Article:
A Purdue University scientist has shown man-made changes to the landscape have affected Indian monsoon rains, suggesting that land-use decisions play an important role in climate change.
Monsoon rainfall has decreased over the last 50 years in rural areas where irrigation has been used to increase agriculture in northern India, said Dev Niyogi, an associate professor of agronomy and earth and atmospheric sciences. At the same time, heavily urban areas are seeing an increase in heavy rainfall.
"In the rural areas, we're seeing premonsoon greening occurring two weeks earlier than what it did 20 years back as the demand for agricultural intensification to feed India's people increases," Niyogi said. "The landscape has also moved in some places from what was once a traditionally rural setting to large urban sprawls. Both of these phenomena have affected monsoon rains."
Niyogi used more than 50 years of rainfall data -- spanning back to 1951 -- collected by 1,803 recording stations monitored by the India Meteorological Department to determine different regions' average yearly monsoon rain totals. While the mean monsoon rainfall for the entire country remained stable, Niyogi found that rainfall averages in India's northwest region decreased by 35 percent to 40 percent from the historical mean during the past 50 years.
Analysis of soil moisture showed that before monsoon rains came, the northwest region had become as much as 300 percent wetter in recent years relative to the past 30 years, which has been attributed to irrigation from groundwater to sustain intensified agricultural production. This wetter surface causes cooling that weakens the strength of low pressure necessary for monsoons to progress into northern India.
Satellite data showed that northern India is greening sooner than it had in the past. That greening is creating a barrier for monsoons, which provide much-needed rain to replenish groundwater reserves being used for irrigation.
"In this case, you need a warm, dry surface to advance the monsoon," said Niyogi, whose findings were published in the journal Water Resources Research. "Because of increased irrigation, you now have a wet, green area, which does not allow the monsoon to reach far enough north."
Since that rain isn't reaching the region, more irrigation is needed to sustain agriculture there.
"Unless this is checked and controlled, the problem is going to become more and more severe," Niyogi said. "With more irrigation, we will have less monsoon rain. With less monsoon rain, you will need more irrigation, and the cycle will continue."
Urban areas, on the other hand, are being pounded with rain when it comes. Niyogi said there have been storms in some urban areas that drop as much as 37 inches of rainfall in a single day.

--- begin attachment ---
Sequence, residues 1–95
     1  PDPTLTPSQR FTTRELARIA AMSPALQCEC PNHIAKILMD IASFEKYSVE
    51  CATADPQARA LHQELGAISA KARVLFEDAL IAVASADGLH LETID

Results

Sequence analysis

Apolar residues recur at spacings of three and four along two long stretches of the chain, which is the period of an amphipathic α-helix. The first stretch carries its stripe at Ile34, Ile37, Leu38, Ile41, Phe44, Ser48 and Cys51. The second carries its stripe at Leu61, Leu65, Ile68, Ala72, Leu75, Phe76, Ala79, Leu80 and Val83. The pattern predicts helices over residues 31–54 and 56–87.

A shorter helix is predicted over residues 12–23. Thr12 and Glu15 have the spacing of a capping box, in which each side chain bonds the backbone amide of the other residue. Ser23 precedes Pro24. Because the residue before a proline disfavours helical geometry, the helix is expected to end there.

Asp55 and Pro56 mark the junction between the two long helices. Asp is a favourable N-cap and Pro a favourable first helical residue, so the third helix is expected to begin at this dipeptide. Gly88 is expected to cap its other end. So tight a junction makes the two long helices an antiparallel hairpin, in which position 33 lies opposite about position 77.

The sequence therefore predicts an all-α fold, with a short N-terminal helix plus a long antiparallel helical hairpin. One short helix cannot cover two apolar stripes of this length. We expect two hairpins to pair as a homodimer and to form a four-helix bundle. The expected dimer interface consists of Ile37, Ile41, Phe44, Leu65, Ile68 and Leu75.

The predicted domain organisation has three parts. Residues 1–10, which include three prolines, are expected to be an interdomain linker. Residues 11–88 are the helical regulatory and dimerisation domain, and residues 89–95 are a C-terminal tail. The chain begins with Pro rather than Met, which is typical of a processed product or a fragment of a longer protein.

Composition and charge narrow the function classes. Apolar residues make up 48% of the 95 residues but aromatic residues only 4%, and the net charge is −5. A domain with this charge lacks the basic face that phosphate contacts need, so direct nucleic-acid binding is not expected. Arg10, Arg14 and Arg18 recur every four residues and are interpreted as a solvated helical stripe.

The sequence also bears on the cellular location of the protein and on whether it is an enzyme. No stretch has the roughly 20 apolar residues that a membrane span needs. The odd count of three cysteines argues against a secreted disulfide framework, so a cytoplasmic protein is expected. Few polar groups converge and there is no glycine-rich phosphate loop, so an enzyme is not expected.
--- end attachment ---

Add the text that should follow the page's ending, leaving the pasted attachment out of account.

Analysis of the areas that have received increases in heavy seasonal rainfall, based on Indian Meteorological Department and NASA satellite data, showed that those areas were experiencing fast urban growth. Areas where seasonal rainfall decreased were determined to have slow or no urban growth.
"You only see these types of heavy rainfall events in those areas with heavy urbanization," said Niyogi, whose research on the urban effect was published in the International Journal of Climatology. "The more urbanization spreads in those areas, the more of these heavy rain issues we'll see and the more flooding will become a problem."
Niyogi said there are two theories on why that's happening. The first says that urban landscapes create heat, which extends into the atmosphere and energizes storms. The second theory is that pollution created in urban settings interacts with passing clouds and increases rainfall.
Niyogi said the results of his study could have land-use implications elsewhere.
"If urbanization is affecting the Indian monsoon season, it has the ability to affect patterns here in the United States," he said. "This likely isn't localized in India."
He added that India is hotter than the United States, and that may be exacerbating the issues. As global temperatures rise, other parts of the world could see similar climate changes -- if they aren't already -- based on how land is used and developed.
Chandra Kishtawal, of the Space Applications Center of the Indian Space Research Organization and a co-author on the papers, said he hopes the findings trigger discussions on the role of large-scale land-use planning in regulating climate change in India.
"These kinds of things are not sustainable," Kishtawal said. "They cannot continue in the long run."
The next step in this research is to examine landscapes in the United States to see if development has affected weather patterns historically.
The National Science Foundation CAREER program and NASA's terrestrial hydrology program funded Niyogi's study.
Cite This Page: